By: Stephanie Wade
December 11, 2014
It started out innocently enough. A friend began eliminating processed food from her diet, to focus on her health and wellbeing from 'the inside out'. First it was daily yoga and green smoothies; next it was an intense interest in consuming mainly fruit and vegetables.
Suddenly, said friend is avoiding whole food groups including wheat, sugar, carbs and dairy, and declining social invitations if it means she can't control exactly what passes her lips. If she slips up, anxiety and guilt spread through her body and nothing else matters besides the fixation and control of her healthy food intake.
Welcome to the hell that is orthorexia nervosa, a term first defined by Doctor Steven Bratman in his book Health Food Junkies, as an obsessive-compulsive eating disorder that is linked closely to other eating disorders such as anorexia. However unlike anorexics, orthorexics are not striving to see a lower number on the scales or starving themselves completely of foods: orthorexics strive for perfectionism with an almost altruistic approach to healthy foods – they DO eat food, but only 'pure' food that works as a fuel to ease their minds and bodies.
So when did healthy eating equate to an obsessive mental disorder?
The first time I heard about orthorexia was from friend and dietitian Maddie Begala, whom I thought coined the term herself to describe some insidious condition that writers suffered from. Little did I know that orthorexia was a condition from which many are currently suffering, often in silence or unknowingly. Not many are aware of the thin line that exists between taking care of your body, and being sucked in by the poison of disordered eating. Eating Disorders Victoria states that up to one million Australians are affected by eating disorders, with rates doubling over the last 15 years.
We know what you might be thinking. Caring about the source and quality of your food is a huge aspect of being healthy, and taking an interest in food is a positive trait, within reason. However obsessing about finite details at every meal places extra stress on the body and is counter-productive to optimum health and wellbeing.
Has modern society lost its way with food?
Never has society been more fixated on what we eat. In an age of information technology, we are brandishing smartphones every hour of the day, accessing what is often conflicting health information, with social media fuelling the rise of the clean eating movement in recent years (#cleaneating accounts for nearly 12 million hashtags on Instagram). We're also being influenced by health-obsessed celebrities and bloggers masquerading as health experts. One example is actress Gwyneth Paltrow, who cited the death of her father from cancer as the catalyst for her conversion to a macrobiotic diet, inspiring a clean eating business of cookbooks and her lifestyle website goop. Similarly, many in the media were disturbed by this post by author and blogger Sarah Wilson about her chocolate croissant panic last year, demonstrating the growing normalcy that is binge-guilt behavior and emotional punishment.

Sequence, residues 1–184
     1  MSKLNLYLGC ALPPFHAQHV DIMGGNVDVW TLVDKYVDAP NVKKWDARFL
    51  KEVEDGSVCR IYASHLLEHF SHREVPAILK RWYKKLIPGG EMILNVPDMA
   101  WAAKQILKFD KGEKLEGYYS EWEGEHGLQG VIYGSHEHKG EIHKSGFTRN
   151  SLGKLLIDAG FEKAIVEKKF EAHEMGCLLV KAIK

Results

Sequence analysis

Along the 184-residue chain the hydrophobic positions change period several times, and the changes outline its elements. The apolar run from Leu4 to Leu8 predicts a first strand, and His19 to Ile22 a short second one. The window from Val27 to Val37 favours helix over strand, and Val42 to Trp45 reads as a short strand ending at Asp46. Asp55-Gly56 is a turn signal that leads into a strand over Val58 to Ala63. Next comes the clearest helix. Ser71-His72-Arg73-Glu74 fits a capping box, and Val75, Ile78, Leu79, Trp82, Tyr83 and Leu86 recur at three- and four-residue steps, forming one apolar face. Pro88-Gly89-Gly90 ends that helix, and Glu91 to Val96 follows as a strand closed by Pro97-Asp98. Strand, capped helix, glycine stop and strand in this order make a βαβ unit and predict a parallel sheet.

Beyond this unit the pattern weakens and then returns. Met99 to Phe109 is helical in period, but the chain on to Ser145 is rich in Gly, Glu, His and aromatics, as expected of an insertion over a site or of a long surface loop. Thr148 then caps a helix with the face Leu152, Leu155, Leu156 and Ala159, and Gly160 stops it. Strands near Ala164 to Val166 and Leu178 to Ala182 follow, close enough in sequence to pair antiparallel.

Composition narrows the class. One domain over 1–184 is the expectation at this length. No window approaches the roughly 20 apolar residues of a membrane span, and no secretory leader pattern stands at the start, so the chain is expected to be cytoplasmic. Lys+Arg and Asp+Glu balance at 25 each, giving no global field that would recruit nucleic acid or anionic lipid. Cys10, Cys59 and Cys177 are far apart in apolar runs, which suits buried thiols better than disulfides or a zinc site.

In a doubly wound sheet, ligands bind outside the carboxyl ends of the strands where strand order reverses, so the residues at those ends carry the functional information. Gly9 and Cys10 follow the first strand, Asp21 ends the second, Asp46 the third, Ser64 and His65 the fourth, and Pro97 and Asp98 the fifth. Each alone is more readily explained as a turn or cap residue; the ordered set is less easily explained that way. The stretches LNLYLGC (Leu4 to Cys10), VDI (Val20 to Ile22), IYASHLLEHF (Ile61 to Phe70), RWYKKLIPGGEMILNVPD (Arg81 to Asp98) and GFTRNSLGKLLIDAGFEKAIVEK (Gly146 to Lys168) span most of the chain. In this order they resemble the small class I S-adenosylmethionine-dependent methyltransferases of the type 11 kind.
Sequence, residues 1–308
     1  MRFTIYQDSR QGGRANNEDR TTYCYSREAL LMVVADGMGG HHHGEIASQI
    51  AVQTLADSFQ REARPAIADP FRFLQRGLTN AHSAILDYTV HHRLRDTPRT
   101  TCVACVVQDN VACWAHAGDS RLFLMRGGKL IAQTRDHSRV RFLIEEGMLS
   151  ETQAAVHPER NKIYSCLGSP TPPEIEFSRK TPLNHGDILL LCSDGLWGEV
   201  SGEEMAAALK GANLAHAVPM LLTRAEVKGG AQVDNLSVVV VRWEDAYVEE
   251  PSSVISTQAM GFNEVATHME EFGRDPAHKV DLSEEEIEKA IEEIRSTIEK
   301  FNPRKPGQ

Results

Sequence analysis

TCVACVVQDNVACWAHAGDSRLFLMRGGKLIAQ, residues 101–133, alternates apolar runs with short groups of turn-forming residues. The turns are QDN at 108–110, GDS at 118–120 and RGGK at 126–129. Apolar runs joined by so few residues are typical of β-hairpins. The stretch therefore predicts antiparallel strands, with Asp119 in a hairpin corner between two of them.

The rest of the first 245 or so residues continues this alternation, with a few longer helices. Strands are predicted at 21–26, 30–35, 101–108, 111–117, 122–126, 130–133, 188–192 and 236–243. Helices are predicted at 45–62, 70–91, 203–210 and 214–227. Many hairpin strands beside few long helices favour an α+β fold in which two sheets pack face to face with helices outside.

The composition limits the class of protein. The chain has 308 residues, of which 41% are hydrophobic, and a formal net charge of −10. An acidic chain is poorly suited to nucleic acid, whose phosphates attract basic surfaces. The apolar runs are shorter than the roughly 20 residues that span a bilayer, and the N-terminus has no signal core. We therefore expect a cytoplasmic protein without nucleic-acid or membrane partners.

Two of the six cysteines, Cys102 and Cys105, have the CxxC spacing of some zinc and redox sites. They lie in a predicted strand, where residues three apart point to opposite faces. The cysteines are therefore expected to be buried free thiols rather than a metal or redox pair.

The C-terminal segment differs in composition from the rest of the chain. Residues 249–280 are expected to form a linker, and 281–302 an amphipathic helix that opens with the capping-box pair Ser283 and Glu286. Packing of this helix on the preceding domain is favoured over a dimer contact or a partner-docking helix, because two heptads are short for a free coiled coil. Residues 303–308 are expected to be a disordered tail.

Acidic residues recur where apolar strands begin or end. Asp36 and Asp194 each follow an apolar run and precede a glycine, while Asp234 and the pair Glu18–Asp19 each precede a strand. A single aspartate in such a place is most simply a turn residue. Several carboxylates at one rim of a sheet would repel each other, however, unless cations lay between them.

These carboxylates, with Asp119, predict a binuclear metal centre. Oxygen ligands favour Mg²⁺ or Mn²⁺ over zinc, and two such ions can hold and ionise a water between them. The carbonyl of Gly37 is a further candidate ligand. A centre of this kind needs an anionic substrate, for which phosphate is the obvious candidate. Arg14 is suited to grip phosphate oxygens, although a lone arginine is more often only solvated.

How to spot the warning signs in yourself or a loved one
CEO of The Butterfly Foundation for Eating Disorders Christine Morgan says that anyone who obsessively manages the consumption of whole food groups is at risk of nutritional deprivation. Other signs of orthorexia include:
o Preoccupation with specific foods
o Feeling guilty when not following strict rules about meals
o Feeling virtuous when eating 'correctly'
o Social isolation in group-dining settings
o Only eating specific food groups like fruits and vegetables
o Spending long amounts of time reading ingredient labels
o Avoiding situations that might involve 'processed' foods
If you find yourself obsessing about any of the above, it might be time to see these issues as warning signs.
So what do we think about it all?
Nutritionist Laura Kalac says that some orthorexics may fabricate allergies as a way of avoiding confrontation with others. Many people eliminate certain foods from their diet in the hopes of improving their health, however Laura recommends to always seek professional advice before cutting full food groups from your diet - even if someone you trust advocates restrictive eating.
No one can deny it's important to eat well and take care of our bodies. And while eating is a way to fuel and nourish the body physically, it's also an important social and emotional action too.